Almost completely because no doubt, her past will come back in a later episode. She’s irrationally afraid of death, so afraid that she was unabashedly hypocritical last episode – a flaw that Nezumi spotted and capitalized on. Perhaps Inukashi was physically tortured as a child, causing her to experience first-hand the horror of a painful death?
As I said, No. 6 is ultimately about being human – and No. 6 completely understands the frailty, the senselessness, the contradictions of human life.
A few questions and comments about No. 6:
The animation is very fluid in this episode, especially at the beginning with the dogs. Yet, they still reuse the same backgrounds… this just shows how much time and effort must have been poured (The past tense of bore is borne, and so I always thought the past tense of pour was porn… what a shock) into making those images – and the images are just spectacular. If only they used them for something other than screen changes…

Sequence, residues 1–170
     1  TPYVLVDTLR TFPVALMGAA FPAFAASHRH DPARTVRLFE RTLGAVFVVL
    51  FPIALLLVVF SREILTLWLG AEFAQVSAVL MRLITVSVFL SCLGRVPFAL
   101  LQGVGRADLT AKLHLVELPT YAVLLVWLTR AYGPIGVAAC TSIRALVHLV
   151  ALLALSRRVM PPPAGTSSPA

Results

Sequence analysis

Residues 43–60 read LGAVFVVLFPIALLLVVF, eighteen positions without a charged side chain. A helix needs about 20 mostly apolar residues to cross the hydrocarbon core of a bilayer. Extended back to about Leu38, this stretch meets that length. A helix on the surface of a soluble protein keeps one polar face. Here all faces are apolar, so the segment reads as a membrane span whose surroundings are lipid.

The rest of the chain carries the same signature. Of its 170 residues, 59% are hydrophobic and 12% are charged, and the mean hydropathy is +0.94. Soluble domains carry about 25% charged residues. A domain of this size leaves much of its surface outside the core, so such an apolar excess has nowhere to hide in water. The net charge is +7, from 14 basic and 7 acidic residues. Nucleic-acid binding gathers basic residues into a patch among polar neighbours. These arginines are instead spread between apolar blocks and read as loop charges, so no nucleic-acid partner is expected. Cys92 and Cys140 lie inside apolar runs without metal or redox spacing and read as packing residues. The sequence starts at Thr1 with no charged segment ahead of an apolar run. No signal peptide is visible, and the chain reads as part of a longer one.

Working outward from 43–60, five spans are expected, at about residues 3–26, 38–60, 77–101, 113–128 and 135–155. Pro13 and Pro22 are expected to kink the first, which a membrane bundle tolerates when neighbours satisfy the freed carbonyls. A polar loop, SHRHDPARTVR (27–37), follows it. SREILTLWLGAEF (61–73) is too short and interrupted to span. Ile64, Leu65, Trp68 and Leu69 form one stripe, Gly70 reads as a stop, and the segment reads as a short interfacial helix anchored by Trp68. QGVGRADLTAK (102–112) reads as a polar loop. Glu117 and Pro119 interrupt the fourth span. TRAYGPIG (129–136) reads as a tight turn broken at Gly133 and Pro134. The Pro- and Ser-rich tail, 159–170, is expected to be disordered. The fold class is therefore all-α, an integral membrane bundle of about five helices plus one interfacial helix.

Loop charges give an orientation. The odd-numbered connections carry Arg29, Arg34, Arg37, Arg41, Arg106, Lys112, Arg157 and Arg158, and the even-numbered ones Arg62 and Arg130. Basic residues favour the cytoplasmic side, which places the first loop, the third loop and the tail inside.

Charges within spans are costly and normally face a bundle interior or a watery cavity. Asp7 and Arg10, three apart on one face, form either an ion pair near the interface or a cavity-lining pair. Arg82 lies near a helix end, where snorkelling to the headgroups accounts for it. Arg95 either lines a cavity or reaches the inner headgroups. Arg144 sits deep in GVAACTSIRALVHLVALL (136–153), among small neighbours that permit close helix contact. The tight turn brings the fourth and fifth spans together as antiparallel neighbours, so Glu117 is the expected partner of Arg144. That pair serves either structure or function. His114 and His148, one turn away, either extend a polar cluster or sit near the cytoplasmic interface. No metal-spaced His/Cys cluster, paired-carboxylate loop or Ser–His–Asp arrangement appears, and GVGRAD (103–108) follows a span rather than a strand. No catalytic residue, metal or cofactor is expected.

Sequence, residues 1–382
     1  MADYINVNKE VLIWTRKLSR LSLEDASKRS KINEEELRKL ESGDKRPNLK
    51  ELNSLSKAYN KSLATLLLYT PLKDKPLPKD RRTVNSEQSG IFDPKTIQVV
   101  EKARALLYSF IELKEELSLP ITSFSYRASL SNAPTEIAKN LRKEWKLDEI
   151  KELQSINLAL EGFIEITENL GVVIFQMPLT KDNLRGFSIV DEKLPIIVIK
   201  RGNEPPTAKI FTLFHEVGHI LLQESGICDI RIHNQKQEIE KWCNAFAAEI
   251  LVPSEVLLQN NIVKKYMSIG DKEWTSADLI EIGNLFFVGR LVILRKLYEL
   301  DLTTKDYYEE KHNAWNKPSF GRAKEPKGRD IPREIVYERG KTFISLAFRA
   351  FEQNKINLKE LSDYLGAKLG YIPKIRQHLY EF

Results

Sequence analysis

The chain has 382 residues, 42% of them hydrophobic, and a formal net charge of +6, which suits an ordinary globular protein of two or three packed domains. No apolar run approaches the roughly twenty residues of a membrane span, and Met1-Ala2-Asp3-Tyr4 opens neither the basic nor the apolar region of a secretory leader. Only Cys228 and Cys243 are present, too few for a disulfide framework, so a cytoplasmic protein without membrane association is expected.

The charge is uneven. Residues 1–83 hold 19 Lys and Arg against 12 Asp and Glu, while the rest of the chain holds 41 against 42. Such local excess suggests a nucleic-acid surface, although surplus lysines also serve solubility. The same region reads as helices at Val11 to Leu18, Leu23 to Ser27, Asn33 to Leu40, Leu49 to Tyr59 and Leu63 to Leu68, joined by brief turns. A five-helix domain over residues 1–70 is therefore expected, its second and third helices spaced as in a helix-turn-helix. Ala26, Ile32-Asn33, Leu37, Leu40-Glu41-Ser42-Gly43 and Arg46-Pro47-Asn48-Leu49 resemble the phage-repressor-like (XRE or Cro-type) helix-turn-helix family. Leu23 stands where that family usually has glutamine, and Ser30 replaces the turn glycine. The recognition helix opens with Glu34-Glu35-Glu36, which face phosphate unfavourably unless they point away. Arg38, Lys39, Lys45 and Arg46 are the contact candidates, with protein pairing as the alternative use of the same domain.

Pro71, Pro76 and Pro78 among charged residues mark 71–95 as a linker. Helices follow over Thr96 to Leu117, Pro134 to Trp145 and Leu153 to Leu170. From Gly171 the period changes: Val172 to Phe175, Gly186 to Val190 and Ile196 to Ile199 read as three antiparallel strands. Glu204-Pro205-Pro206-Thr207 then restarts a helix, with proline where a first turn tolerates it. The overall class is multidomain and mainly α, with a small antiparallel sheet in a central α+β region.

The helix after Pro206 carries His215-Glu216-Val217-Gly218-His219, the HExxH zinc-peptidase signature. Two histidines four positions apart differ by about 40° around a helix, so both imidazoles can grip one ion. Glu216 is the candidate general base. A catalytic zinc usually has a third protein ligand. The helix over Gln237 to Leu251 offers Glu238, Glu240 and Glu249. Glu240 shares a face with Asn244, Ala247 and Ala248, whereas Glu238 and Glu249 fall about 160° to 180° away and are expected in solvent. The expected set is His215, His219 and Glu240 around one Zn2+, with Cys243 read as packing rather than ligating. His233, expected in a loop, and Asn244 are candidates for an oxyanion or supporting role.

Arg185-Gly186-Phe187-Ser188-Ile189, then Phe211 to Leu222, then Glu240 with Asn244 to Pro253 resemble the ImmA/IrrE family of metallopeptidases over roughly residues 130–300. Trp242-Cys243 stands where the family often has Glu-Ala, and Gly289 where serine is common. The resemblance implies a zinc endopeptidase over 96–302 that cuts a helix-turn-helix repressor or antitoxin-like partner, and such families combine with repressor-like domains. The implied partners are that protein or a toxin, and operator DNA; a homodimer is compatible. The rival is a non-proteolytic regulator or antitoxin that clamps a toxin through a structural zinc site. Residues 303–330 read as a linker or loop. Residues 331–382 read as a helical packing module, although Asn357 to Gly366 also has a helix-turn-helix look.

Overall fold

How did the security officer know that her name was Safu if she wasn’t even in the database? What’s her last name, anyways – or do people not even have last names in No. 6?
How did Inukashi get the information from inside No. 6? I mean, isn’t there a huge, literal wall separating No. 6 from the West District? It seemed like the information took mere days to collect, but it must have taken weeks, even months… right?
The woman who talked to Karan – some people say she’s the same person who talked to Safu, and others say that the one who talked to Safu was just passing through. I mean, how would No. 6 know of every person who might possibly dissent? Unless the chips hidden inside everybody (remember, this was said at the beginning of the show) also monitor brain movements, which increase during times of anxiety and unrest, blah blah blah science and tl;dr if No. 6 is an experiment, then it’d be easy to find dissenters. Perhaps the ultimate meaning behind it (if it were an experiment) would be to prove some person’s thesis that in any closed group of people, even if the majority are happy, a minority will always revolt, and a revolution will always happen in any given society over a long enough period of time. That would be such a ‘You dun trolled!’ ending, while I sit here knowing that I predicted the result. Yet, light novel readers ultimately know more than I :(